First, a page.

It's been the same at the state level. Thanks to local organizing efforts by Public Citizen and the Progressive States Network (on whose board I serve), we have seen groups come together to pass state resolutions demanding Congress reject President Bush's request to reauthorize so-called "fast track" authority - the authority that lets him eliminate labor, human rights and environmental provisions from trade pacts.

These resolutions have made a real impact, but not without a fight. As just one example, after the Montana State Senate overwhelmingly passed its anti-fast-track resolution, the agribusiness-owned Farm Bureau penned a statewide op-ed attacking the resolution, invoking the old "trade is great for small farmers" lie to make its case. The Progressive States Network quickly joined with a local agriculture group to publish an op-ed of our own debunking the propaganda, and soon the progressive group They Work for Us aired a series of radio ads in Montana trumpeting the resolution. Soon, Senate Finance Committee Chairman Max Baucus (D) announced he was delaying fast track reauthorization from coming through his committee - a big move, considering Baucus has long been one of the most ardent supporters of K Street's "free" trade agenda (Baucus, by the way, may already be starting to revert back to his regular form - just this morning, Reuters reports that he announced he is planning to use his chairmanship to pass the Colombia Free Trade Agreement over the objection of the coalition and his own Democratic colleagues).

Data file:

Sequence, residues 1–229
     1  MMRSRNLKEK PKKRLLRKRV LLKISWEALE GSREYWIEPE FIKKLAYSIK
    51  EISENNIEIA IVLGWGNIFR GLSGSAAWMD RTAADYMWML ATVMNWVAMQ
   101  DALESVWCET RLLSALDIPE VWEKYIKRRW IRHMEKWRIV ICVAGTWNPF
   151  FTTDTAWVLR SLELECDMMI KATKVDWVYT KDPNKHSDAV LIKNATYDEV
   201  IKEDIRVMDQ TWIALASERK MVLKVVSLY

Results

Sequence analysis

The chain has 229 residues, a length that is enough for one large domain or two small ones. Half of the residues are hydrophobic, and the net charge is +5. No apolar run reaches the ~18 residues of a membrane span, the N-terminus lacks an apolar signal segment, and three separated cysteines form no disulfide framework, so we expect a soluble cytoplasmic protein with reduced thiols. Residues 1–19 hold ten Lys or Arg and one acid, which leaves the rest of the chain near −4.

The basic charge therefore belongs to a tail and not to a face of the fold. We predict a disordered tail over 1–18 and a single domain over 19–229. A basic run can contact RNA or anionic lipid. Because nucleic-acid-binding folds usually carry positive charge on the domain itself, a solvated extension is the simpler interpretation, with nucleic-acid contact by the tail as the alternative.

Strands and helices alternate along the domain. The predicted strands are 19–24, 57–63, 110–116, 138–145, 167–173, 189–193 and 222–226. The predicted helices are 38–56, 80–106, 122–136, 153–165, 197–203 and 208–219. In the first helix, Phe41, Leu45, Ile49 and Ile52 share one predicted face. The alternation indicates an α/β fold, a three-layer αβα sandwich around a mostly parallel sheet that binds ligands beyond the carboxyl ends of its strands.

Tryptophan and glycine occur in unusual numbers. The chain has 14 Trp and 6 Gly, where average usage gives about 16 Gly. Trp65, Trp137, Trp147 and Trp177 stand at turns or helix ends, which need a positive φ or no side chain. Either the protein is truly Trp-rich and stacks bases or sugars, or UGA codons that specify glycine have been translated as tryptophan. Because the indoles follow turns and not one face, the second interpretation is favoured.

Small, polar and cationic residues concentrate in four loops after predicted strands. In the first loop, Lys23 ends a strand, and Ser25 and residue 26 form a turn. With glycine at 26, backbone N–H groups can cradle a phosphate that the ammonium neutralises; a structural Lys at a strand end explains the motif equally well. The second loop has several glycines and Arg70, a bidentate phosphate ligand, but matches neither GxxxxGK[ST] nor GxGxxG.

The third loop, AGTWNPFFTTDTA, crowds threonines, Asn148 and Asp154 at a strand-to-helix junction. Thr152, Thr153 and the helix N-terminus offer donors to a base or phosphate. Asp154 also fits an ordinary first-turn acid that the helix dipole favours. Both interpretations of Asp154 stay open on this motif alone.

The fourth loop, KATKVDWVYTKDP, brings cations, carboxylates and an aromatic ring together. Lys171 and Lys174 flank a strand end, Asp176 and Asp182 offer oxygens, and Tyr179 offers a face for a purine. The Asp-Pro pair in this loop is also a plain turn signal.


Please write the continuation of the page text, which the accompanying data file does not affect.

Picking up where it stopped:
Obviously, the fight to stop The Secret Trade Deal of 2007 and to more generally reform America's trade policies is far from over. Some Democrats are signaling their intention to push the trade deal forward, and the fight over the immigration bill promises to include a corporate-backed push to continue allowing Corporate America to abusing the H-1B program as a tool to drive down domestic wages (see the video clip above for how that plays into all of this).

But in just the last few months, this fight shows the potential power of the Progressive Movement when it prioritizes fights that build the largest coalitions across the most geographical regions (which, of course, the trade issue does - From New England and Midwest manufacturing centers devastated by NAFTA, to hard-hit Deep South textile towns hard-hit by China PNTR to the information sector economies of the West being slammed by job outsourcing, trade and globalization affects everyone).